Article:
The nature and scope of American policework underwent massive change across the last century, and one factor drove much of that evolution: the automobile’s emergence as a viable, and eventually dominant, form of transportation.
“Early on in the 20th century, the car emerges and grows really fast and that pretty much immediately changes the way the criminal justice system works, the kind of situations that law enforcement officers have to deal with, and the legal issues and Constitutional issues that arise,” said Headworth, who likes to say his criminal justice course (SOC 328) provides a “car-window view” of this metamorphosis.
Beginning with police efforts to enforce Prohibition laws and battle organized crime in the 1920s, the car was often part of the equation as law enforcement, civilians, and the court system grappled with an increasingly complicated set of societal questions.
- To what extent is a private car driven on a public road protected by the Fourth Amendment’s language barring unreasonable search and seizure of personal property?
- How should communities treat vehicle-related crimes like driving under the influence or auto theft?
- What are the most effective and necessary methods of battling interstate drug and human trafficking?
- How should the criminal justice system address the racial disparities tied to vehicle stops indicating that Black drivers are twice as likely to be pulled over as White drivers?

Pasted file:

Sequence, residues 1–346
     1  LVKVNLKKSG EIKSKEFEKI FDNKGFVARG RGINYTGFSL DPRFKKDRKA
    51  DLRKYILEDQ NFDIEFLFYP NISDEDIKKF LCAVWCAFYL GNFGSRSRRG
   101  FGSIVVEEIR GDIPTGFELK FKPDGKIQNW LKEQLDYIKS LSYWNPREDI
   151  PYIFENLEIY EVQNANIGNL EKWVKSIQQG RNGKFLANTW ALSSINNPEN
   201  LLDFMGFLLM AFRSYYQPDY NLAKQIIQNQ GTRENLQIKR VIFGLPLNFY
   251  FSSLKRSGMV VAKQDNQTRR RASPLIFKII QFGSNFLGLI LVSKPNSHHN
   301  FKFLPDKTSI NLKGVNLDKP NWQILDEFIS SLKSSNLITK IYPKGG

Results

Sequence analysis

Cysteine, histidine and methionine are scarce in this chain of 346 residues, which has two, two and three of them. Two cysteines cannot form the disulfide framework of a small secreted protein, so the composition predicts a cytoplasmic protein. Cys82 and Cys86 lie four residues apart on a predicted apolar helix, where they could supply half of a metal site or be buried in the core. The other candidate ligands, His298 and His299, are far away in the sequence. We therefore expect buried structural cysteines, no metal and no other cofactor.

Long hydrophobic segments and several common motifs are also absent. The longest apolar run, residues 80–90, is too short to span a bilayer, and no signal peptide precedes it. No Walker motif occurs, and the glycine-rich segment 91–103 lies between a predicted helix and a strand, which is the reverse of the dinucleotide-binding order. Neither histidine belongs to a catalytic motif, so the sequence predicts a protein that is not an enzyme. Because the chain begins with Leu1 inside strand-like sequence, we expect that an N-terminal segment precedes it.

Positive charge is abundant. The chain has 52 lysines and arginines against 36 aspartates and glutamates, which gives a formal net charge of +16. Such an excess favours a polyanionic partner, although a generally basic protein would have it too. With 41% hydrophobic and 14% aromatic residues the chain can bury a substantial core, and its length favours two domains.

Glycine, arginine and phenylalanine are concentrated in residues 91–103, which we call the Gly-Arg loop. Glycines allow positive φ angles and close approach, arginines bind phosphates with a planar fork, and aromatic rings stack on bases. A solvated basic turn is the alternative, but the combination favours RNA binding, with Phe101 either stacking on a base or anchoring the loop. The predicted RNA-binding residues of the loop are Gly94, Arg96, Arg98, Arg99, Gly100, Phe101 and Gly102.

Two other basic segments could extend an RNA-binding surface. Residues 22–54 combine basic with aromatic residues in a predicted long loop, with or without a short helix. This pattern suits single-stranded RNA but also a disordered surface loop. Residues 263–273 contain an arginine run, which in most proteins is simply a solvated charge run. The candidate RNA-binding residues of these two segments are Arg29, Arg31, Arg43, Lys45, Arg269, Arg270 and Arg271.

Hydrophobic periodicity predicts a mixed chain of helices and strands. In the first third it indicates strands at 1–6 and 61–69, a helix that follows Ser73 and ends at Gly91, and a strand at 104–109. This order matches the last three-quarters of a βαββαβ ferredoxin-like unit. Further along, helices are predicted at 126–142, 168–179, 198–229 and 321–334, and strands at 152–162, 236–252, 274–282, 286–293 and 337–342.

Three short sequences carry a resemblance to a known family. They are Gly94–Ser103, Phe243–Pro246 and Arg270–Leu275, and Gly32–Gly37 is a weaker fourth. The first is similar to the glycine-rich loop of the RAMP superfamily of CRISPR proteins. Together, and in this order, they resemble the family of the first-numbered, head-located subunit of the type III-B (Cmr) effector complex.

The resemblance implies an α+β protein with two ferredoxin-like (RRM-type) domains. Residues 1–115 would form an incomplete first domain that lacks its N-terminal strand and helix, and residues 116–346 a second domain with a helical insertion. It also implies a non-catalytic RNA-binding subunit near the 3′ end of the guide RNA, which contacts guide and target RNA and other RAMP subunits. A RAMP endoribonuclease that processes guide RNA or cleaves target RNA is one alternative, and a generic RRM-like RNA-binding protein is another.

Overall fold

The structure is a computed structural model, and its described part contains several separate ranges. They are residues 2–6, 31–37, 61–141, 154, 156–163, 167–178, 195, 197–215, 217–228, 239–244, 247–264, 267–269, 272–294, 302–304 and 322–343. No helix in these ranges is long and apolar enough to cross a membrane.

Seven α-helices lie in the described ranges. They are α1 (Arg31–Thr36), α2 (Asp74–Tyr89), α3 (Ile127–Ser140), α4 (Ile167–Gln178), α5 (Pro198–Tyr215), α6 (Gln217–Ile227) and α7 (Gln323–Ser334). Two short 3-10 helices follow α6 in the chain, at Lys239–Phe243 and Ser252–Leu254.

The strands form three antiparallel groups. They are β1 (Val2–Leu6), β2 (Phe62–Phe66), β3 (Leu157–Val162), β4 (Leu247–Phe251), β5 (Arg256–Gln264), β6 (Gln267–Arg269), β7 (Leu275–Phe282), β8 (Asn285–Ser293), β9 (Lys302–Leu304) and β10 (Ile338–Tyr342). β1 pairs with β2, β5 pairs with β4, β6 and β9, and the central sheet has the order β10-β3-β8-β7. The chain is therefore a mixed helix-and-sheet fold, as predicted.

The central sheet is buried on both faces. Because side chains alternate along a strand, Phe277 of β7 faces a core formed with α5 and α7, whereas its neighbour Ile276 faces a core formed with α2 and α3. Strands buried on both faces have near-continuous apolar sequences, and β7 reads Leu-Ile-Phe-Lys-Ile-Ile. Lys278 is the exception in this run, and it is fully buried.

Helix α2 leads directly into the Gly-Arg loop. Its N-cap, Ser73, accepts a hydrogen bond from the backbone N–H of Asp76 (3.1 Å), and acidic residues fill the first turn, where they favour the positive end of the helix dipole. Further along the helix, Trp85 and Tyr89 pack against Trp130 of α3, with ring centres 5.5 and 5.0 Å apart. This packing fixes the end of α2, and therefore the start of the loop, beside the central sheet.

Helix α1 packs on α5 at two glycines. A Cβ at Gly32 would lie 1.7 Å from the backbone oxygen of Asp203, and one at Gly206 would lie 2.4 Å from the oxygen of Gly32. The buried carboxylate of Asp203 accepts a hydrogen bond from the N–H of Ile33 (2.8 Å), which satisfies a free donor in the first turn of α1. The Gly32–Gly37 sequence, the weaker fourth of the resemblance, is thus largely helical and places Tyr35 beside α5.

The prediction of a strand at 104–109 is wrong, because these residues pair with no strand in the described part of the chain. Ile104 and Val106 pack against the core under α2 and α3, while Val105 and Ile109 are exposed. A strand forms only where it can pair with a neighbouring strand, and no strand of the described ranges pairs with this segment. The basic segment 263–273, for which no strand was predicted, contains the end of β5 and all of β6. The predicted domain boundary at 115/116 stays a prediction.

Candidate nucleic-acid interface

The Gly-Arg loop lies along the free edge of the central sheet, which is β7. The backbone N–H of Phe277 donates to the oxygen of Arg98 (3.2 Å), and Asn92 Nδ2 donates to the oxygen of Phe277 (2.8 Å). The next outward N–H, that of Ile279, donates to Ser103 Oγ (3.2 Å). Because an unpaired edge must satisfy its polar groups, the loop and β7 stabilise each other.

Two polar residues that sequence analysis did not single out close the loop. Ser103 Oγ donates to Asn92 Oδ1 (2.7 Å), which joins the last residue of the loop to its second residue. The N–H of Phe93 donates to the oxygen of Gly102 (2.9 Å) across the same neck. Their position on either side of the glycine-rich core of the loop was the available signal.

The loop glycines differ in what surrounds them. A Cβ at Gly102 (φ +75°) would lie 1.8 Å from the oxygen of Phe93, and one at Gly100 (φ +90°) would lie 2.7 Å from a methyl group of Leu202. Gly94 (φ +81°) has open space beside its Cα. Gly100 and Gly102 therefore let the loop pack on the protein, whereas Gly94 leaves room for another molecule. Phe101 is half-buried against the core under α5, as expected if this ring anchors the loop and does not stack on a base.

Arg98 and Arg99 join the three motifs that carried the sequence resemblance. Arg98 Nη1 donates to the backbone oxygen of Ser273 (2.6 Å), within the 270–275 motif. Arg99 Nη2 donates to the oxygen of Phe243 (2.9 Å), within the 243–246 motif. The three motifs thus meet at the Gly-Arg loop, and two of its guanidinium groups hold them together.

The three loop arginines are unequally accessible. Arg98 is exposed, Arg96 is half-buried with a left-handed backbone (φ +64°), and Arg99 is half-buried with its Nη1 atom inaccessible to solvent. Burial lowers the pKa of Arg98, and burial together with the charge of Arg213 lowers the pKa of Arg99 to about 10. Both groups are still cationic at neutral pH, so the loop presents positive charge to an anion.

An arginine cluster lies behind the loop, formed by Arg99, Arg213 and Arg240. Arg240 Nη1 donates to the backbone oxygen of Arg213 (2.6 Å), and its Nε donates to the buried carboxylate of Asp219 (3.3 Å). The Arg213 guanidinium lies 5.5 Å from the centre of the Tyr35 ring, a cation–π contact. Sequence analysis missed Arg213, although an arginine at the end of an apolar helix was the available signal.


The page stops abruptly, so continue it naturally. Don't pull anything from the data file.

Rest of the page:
- As technology evolves, what are the legal and ethical guidelines that officers should obey when using surveillance tools to investigate suspected criminal behavior? What prevents them from unnecessarily spying on law-abiding citizens?
By highlighting the car’s consistent presence in these and other conversations, Headworth hopes to provide students with a better understanding of why modern-day law enforcement operates the way that it does.
“I never really thought about the fact that there was a point in time where the position that police held was not thought of as being as powerful as it is today. I think now it’s even more relevant with police brutality becoming something people are talking about,” said Julia Ware, a junior in law and society from Dallas. “It’s interesting to see the beginning of that institution and the way it’s changed over time and how it has become what it is today. The power that they are able to wield today, they didn’t always have.”
The car’s introduction inspired that change, as it provided criminals with a newfound ability to rapidly escape from the scenes of their crimes.
“Prior to this, you have people getting away on horses and things, but there was not this widely available, really rapid means of leaving the scene of a crime and also crossing jurisdictional boundaries – leaving a town into the county, leaving a county into a different county, moving in between states,” Headworth said. “All this stuff creates lots of issues for the criminal justice system, so the rise of what we now recognize as modern police departments in substantial part was about motorizing police departments to be able to respond to this new environment of criminal offending and potentially people getting away.”
At roughly the same time, the Prohibition era increased law enforcement’s motivation to search personal property – a ubiquitous police practice today that had not been especially common prior to the push to stamp out illegal alcohol.